Wednesday, February 2, 2011

ELLEN- The Little Dog Laughed (Douglas Carter Beane)

Later this afternoon I’ll go back to Williamsburg with Alex. I’ll be cold on the subway and he’ll take off his leather jacket and put it over my shoulders. It will be the kindest gesture anyone will do for me for the rest of my life, and I have a sense of it, in that moment. Once we’re back in his horrible apartment, we will begin to make love. And even though he’s three inches from my face- And he’s looking directly into my eyes. I can see that he is miles away and is thinking of someone else. And he feels so good. And I feel so good. And he holds me. And he holds me and he holds me and he holds me. And he holds me for a long time. And he holds me until I hear his long deep exhale that I’ve come to know means that he is asleep. And he is asleep and I am awake and- OK the thing with guys, when they make love to you it’s like they’re running into your arms. And if you look really close at their faces, you can see if they’re running towards you or running away from something else- and you just got in the way. And I got a good look at Alex’s face and- he was definitely fleeing someone or something and I was road kill. I mean beautiful road kill… I sneak out of bed and go to my laptop computer, get on line, and quickly type in the name, “Mitchell Green” and look at this photograph of this guy next door for a very long time. And then I find the sleek new gimp bracelet I made- which is just so orange- and I, with the merest suggestion of pageantry, slide it on his wrist. And I go to sleep just content as like a…’cause I know- wherever he is. Whoever. Whoever he’s with. He’s wearing that bracelet and. I’m with- I’m. So, you see, a lot can be said about the psychologically healing powers of jewelry.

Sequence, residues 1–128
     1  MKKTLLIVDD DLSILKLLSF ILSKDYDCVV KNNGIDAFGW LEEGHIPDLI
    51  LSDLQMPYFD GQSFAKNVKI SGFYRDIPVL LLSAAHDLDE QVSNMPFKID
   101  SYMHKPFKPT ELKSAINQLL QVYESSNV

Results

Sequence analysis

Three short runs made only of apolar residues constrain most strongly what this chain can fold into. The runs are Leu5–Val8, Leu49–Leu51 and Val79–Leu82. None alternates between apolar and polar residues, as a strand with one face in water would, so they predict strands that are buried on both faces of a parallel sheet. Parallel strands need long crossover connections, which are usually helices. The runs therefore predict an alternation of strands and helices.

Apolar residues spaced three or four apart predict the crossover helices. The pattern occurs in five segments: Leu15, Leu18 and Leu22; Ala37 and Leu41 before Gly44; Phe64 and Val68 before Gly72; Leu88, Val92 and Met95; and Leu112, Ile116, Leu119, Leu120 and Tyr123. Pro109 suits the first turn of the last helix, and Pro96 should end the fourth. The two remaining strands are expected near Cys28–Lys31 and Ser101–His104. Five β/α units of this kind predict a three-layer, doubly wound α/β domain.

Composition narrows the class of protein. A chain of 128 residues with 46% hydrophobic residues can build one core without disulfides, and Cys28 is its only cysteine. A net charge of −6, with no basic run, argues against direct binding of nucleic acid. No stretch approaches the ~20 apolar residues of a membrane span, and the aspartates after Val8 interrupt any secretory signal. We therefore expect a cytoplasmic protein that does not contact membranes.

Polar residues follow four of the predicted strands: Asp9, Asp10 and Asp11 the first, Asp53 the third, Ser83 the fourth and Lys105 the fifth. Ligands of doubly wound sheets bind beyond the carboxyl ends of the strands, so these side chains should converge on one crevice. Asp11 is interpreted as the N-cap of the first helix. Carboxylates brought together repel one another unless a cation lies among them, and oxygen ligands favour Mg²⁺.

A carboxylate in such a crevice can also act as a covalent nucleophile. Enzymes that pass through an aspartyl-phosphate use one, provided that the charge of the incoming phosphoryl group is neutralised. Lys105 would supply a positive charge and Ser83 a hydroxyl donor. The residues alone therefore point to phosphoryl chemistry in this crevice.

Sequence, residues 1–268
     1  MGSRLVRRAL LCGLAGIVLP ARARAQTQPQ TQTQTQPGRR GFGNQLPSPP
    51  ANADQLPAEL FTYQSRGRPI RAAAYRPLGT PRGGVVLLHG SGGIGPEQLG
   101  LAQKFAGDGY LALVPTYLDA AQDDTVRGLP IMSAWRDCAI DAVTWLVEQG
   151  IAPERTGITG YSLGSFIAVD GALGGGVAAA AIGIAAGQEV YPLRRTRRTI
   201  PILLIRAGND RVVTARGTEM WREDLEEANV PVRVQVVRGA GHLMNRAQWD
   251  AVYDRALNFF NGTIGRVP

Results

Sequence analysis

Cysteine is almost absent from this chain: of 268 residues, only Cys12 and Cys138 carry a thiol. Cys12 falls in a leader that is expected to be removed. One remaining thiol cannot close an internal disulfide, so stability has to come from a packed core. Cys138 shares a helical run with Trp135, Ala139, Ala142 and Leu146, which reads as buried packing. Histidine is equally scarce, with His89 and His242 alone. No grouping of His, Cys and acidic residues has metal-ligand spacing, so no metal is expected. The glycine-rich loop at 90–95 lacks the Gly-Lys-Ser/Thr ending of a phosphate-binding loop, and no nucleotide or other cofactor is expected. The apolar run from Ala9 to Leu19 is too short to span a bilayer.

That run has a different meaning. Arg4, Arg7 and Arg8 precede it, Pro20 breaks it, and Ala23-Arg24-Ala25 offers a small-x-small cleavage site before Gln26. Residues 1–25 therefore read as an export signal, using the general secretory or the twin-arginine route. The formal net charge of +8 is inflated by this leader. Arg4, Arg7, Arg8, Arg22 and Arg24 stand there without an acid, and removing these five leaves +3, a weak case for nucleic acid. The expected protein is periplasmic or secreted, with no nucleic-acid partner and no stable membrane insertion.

Thursday, January 27, 2011

DOCTOR- Agnes of God (John Peilmeier)

There was a lynching mob that came before a judge who accused them of hanging a man without a fair and objective trial. "Oh, your Honor," the leader said, "we listened very fairly and objectively to every word he had to say. Then we hung the son of a bitch." I wanted to maintain my objectivity, but Mother Miriam wouldn't believe that. Oh, she couldn't have known about Marie, but she must have suspected something. Marie was my younger sister, who decided she had a vocation to the convent when she was fifteen. So my mother sent her off without a second thought, and I never saw her again. I received a message late one night that Marie had died of acute, and unattended, appendicitis because her Mother Superior wouldn't send her to a hospital. (She laughs.) Well, no, I guess at heart I couldn't be very fair and objective, could I? But I tried. I remember waiting to view Marie's body in a little convent room, and staring at those spotless walls and floors and thinking, my God, what a metaphor for their minds. And that's when I realized that my religion, my Christ, is this. The mind. Everything I do not understand in this world is contained in these few cubic inches. Within this shell of skin and bone and blood I have the secret to everything. I look at a tree and I think, isn't it wonderful that I have created something so green. God isn't out there. He's in here. God is you. Or rather you are God. Mother Miriam couldn't understand that, of course.